Meet Kiet Tai Cao, one of the newest members of the Interstate family. He's playing the well-intentioned but misguided immigrant father of our protagonist, in addition to an assortment of other characters. Kiet took a few minutes to share some tidbits with us.

            NAME: Kiet Tai Cao

            HOW DO YOU IDENTIFY?
            I identify as a cisgender male.

            WHERE ARE YOU FROM?
            I was born and raised in Reno, NV. Well Sparks, NV to be specific.

            HOW LONG HAVE YOU BEEN ACTING?
            Acting for 10 years? Performing my whole life! 

            WHERE HAVE WE SEEN YOU BEFORE?
            I was just in a new musical called “The New World” at Buck’s County Playhouse. I am now the Co-President of the National Asian Artists Project Broadway Community Chorus. Hahahaha! Mouthful. 

              WHY DID YOU SAY YES TO INTERSTATE?
              When I read the script, I loved it. And written by two Asian artists? Yes, please!

              WHAT DO YOU LOVE ABOUT INTERSTATE?
              I am a new cast member, but my favorite part is that it’s a story that needs to be told. I look forward to exploring my roles as an ensemble member haha!

              WHAT ELSE ARE YOU WORKING ON THAT'S EXCITING?
              I am super excited about my poetry on Instagram @CloserToKindness. I hope to someday take it beyond poetry and expand it to a movement, an empire. I have lots of vision for it. Stay tuned :)


              Follow Kiet on Instagram (@caoboy331), YouTube, SoundCloud, and his website (kiettcao.com).

              The Angel Behind Adrian

              Meet Angel Lin, the Brooklyn-born, New Jersey and Shanghai-bred multi-instrumentalist most recently seen in the National Tour of OnceShe's picking up that guitar again to play Adrian, an ambitious Queer rocker and conflicted love interest in the upcoming NYMF production of Interstate.

              NAME: Angel Lin

              PREFERRED PRONOUNS: She/Her/Hers

              WHERE ARE YOU FROM?
              I was born in Brooklyn, but lived in NJ. I moved to Shanghai when I was 8, but attended an American school there. Then I moved back to the States for college.

              HOW LONG HAVE YOU BEEN ACTING?
              Probably since elementary school. As a musician, I had piano training at home since I was 7, played clarinet in middle school band, picked up strummy instruments in college (uke and guitar), then more instruments while on tour with Once, and learning more every day. I think in my resume it says I can play, like, 8 different instruments? I don't know, in actuality I can comfortably play just 5 or 6 of them. As an actor, I did school musicals from elementary to middle school, and then dropped band to commit to theater in high school. Finally I went to NYU Tisch Drama for college.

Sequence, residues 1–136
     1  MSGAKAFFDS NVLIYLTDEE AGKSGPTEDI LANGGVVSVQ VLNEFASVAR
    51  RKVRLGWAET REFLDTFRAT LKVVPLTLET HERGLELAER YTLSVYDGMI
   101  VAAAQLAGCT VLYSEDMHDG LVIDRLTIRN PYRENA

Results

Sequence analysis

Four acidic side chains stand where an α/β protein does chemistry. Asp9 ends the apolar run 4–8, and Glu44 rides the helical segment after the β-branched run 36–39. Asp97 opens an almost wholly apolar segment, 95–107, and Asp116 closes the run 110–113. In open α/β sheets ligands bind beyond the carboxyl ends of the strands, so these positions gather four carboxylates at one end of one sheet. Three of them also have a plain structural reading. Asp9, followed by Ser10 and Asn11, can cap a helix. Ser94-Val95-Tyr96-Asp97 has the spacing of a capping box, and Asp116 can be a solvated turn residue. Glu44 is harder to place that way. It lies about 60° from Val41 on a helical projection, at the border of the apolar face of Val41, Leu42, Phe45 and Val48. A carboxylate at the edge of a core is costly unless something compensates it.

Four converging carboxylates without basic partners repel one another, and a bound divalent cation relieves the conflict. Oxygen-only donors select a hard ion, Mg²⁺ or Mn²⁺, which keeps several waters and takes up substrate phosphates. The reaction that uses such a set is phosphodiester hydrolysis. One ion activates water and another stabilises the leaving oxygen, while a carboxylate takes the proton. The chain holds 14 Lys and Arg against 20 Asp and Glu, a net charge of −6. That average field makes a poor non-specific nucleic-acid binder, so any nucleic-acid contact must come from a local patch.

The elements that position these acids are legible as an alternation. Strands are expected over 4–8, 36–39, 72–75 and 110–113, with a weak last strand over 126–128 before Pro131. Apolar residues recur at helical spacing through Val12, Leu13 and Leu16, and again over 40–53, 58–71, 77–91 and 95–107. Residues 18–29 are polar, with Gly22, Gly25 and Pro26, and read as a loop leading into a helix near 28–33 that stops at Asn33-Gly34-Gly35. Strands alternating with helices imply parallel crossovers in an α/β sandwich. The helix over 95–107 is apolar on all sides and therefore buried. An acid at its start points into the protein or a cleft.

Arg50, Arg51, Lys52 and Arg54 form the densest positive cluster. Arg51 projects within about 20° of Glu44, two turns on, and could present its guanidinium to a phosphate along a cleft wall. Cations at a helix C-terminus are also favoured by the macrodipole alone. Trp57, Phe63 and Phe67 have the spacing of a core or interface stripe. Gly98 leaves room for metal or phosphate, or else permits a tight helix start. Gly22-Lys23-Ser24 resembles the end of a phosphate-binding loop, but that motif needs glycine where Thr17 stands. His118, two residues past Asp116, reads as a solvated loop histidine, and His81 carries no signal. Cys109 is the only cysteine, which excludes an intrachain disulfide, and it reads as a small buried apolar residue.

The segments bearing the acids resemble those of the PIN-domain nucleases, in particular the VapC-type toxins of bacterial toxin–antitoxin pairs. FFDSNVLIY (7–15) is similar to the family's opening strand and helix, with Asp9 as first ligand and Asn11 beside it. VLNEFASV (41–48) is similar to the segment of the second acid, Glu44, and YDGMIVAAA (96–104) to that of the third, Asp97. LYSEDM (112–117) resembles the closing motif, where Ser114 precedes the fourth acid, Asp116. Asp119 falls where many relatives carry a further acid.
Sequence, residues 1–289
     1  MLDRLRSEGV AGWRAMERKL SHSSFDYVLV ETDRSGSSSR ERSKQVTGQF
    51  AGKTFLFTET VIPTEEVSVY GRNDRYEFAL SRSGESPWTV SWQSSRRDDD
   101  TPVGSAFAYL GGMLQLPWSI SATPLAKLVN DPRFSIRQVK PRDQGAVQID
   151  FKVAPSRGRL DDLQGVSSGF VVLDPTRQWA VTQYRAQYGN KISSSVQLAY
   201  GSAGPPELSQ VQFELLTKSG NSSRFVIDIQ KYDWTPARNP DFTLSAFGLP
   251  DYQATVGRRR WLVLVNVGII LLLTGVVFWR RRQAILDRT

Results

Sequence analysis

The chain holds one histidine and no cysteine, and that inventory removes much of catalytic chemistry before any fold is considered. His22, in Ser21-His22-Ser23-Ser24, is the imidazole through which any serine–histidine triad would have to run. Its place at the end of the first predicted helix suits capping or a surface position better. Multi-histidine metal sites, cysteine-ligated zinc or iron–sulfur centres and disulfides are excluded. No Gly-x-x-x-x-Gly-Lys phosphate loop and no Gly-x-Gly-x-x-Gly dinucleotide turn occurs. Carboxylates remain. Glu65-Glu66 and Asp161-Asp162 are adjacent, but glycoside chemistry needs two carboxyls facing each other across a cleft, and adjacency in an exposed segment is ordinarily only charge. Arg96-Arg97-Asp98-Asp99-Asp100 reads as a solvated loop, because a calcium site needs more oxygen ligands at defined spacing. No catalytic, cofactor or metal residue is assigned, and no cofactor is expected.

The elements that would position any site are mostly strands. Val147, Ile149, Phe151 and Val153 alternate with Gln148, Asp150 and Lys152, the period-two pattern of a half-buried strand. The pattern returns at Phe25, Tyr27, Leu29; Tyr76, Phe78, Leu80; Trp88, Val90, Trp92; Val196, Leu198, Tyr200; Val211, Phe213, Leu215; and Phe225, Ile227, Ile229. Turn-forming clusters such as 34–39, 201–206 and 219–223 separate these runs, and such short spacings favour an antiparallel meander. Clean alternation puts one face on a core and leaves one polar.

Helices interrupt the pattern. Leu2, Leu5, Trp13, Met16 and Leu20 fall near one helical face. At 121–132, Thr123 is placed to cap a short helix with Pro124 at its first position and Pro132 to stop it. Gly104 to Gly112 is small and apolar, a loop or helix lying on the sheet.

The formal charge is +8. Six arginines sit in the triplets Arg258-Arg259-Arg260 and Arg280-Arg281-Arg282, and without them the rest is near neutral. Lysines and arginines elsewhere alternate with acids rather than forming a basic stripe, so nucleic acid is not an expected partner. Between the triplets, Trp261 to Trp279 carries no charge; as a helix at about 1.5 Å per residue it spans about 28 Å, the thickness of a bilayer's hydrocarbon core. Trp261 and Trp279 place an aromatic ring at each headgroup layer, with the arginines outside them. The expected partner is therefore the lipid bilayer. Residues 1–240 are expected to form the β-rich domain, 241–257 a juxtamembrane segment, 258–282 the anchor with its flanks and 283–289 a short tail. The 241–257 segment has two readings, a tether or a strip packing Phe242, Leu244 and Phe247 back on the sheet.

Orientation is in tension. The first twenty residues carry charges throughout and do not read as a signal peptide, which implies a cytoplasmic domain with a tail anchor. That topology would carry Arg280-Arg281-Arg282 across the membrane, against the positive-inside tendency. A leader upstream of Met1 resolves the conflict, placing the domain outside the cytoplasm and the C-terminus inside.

WHERE HAVE WE SEEN YOU BEFORE?
              The national tours of Once (Emcee, u/s Girl) and Kansas City Choir Boy (Center Theatre Group, American Repertory Theatre, and HERE Arts). Off-Broadway: Stinky Cheese Man (Atlantic Theatre), Greatest Pirate Story (Jerry Orbach Theater). And an occasional singer at McKittrick Hotel, home of Sleep No More.

                She’s a badass performer and artist, and unapologetic about being Asian-American and Queer.

                WHY DID YOU SAY YES TO INTERSTATE?
                To quote the show, it's "a tale that's got to be told". It's an amazing story about life, relationships, and growing up that everyone can relate to, but told through the trans/Queer/Asian-American experience. I relate to it and wanted to be part of telling this story. 

                Also, I don't normally get to play "leading" roles because of my "type" (I'm usually a supporting/character actor, or an understudy to a lead role). So to be able to help create and play a protagonist role that I connect with SO much is another reason why I'm doing it. 

                WHAT DO YOU LOVE ABOUT INTERSTATE?